During the First World War, the kilted Highlanders were even known as & # 39; The Ladies from Hell & # 39; because of their flamboyant clothing.
& # 39; There is no monograph about the Highland soldier in the Great War, but there is a lot of mythology about the soldier from the Highlands & Greenshields explains.
& # 39; The centenary of the Great War is a good time to give a review. It is my intention in this review not to de-bunker the image of the Highland soldier, but to investigate reality and to subject mythology to a critical assessment in the process topic.
& # 39; The intention is to offer a wart and all photos of the soldier from the Highlands and thus not to reduce him, but to show him in his essential humanity. & # 39 ;
From the beginning, Greenshields makes it clear that you don't have to be born in Scotland to get a & # 39; Shot & # 39; to be.
& # 39; In defining the Highland soldier, I have embraced all the kilted soldiers of Britain and the empire, including those of Canada and South Africa, & # 39; he added.
& # 39; I specifically included the kilted 6th and 9th Highland Light Infantry (H.L.I.) and 9th Royal Scots, but I do not have the non-kilted battalions of the H.L.I.
& # 39; Similarly, I have both Scottish London and Liverpool, but not the non-kilted Tyneside Scottish. I undoubtedly risk being a persona non grata in Glasgow and Newcastle. & # 39;
Men from 9th Royal Scots are pictured posing in their kilts. Some smoke cigarettes and pipes while others smile at the camera in a lighter moment during a long and violent war that engulfed men from all over the world.
Scottish troops carrying an injured German on a stretcher during the Battle of the Menin Road Ridge, in a gripping photograph dating back to September 21, 1917. Despite the devastating loss of life, the Scottish or kilt-bearing regiments are often regarded as a of the proudest and yet often the happiest of British tommies to fight in the front line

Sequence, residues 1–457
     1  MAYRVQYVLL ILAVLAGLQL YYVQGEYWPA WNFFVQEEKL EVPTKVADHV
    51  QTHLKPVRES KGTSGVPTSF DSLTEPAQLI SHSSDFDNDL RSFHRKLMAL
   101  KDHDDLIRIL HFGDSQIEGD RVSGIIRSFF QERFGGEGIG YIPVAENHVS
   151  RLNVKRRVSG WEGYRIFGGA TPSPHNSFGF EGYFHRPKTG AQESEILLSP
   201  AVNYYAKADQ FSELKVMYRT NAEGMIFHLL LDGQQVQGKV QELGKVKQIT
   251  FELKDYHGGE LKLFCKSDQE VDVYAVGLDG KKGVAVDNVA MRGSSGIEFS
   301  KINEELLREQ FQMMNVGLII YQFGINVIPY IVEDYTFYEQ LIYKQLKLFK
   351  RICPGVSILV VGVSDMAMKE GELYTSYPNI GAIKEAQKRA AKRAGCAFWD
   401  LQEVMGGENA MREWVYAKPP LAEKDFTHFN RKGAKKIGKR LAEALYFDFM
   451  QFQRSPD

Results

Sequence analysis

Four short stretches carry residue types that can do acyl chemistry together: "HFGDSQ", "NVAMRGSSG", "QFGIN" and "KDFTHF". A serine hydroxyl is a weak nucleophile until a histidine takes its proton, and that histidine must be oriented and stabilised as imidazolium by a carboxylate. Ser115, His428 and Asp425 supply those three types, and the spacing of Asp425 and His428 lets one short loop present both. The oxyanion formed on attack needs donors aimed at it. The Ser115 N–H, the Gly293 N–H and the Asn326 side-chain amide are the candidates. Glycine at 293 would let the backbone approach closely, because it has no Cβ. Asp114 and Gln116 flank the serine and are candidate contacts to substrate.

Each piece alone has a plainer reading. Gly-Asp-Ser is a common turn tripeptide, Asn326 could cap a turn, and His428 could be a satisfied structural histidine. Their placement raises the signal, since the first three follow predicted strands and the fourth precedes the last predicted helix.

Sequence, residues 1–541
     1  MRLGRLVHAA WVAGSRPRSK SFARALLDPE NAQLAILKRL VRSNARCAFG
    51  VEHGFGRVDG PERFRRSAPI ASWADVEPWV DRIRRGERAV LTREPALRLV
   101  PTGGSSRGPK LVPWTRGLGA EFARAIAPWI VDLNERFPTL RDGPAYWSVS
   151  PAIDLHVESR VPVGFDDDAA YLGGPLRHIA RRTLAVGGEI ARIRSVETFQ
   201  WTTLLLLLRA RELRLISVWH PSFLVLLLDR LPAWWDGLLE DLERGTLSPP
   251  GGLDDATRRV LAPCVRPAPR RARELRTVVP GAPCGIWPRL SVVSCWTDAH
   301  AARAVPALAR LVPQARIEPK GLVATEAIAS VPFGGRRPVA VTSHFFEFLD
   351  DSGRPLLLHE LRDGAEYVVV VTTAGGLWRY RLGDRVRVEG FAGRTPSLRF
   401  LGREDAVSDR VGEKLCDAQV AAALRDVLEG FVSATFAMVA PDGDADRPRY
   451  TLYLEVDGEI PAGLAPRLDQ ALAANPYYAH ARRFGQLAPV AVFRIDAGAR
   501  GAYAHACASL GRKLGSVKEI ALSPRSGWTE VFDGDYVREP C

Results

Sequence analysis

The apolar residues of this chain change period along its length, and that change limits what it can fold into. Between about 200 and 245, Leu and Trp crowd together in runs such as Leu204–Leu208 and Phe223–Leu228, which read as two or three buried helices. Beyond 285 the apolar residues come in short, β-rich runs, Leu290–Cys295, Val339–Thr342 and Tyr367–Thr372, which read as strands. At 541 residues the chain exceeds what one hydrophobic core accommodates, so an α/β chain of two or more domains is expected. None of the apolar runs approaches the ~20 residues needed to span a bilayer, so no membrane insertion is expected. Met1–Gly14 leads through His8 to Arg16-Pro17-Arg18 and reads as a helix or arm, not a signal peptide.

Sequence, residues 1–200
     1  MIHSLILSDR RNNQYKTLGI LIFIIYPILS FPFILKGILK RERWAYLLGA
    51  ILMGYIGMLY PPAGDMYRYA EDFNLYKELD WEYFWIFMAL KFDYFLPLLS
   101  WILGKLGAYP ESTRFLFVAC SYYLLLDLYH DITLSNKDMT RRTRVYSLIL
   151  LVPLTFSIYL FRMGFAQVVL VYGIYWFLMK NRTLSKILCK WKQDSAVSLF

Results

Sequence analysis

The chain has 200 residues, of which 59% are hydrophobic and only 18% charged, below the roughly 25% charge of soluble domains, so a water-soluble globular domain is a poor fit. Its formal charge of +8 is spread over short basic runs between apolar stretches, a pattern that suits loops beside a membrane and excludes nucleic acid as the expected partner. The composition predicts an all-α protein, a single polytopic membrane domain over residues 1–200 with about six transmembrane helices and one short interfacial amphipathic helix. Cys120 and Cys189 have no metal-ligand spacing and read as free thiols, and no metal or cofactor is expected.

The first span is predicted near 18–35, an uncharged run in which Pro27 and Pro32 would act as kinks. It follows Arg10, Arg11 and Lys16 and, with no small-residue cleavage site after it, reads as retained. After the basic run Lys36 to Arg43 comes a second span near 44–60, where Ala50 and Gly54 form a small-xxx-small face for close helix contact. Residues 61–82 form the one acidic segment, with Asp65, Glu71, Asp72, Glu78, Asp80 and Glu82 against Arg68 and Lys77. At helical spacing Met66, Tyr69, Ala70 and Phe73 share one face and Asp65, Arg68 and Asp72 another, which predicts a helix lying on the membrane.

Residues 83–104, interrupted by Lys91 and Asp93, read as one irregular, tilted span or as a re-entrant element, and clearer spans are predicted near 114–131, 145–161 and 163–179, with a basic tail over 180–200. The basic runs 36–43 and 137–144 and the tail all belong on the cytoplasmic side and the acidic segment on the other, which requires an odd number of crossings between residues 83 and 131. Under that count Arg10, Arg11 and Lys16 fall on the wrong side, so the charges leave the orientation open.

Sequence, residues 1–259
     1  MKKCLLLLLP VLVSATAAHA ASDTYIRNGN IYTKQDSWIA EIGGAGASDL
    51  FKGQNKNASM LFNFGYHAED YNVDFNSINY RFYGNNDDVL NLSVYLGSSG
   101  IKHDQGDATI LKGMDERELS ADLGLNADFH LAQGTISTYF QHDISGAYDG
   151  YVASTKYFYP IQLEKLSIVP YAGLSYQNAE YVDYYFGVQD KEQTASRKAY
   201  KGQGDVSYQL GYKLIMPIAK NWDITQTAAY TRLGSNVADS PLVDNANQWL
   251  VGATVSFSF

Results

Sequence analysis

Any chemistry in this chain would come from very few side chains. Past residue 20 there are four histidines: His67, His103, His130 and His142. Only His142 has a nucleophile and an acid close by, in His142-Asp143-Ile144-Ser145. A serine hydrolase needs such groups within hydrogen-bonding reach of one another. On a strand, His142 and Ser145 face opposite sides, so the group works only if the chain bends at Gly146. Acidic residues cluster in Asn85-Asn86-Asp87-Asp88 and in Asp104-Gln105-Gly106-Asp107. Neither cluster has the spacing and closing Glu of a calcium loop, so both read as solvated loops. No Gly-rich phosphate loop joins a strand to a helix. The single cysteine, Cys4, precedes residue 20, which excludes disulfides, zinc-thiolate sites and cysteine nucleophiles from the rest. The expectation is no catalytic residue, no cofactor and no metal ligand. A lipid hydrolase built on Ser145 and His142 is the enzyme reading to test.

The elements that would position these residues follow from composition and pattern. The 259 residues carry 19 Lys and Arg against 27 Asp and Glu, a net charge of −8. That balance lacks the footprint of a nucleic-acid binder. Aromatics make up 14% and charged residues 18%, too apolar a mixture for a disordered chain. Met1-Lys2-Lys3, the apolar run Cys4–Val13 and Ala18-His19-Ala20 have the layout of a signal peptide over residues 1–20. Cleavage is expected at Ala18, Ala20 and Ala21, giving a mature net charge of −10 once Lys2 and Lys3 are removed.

Men of the Black Watch celebrates New Year's Day in the hutments on Henencourt, 1917. The Bloody Kilts, a new book by Thomas Greenshields, investigates the theory that Highlanders were better moral than other regiments, and contains a collection of rare images from the Great War
Highland soldiers from the Territorial Highland Division compete in a dance competition at a Highland Games in Bedford in 1915. That Bloody Kilts also looks at the role of pipers and bagpipes and their effect on morale in the front line and the economic and social backgrounds of the front line. typical Highland Soldier
Gordon Highlanders prepare barbed wire entanglements north of Arras for a photo of April 24, 1917. The kilts made the men the most recognized and distinctive of British expedition power
The Germans scale a church that is used as a hospital on the retreat from Bergen, according to an illustration by F. Matania during the First World War. Thomas Greenshields & Those Bloody Kilts: The Highland Soldier in the Great War, published by Helion and Company, is now available
Soldiers from the Gordon Highlanders put on rubber thigh boots in a photo taken in Bazentin-le-Petit in November 1916. Kilt-wearing soldiers praised the usability of the item when it came to avoiding water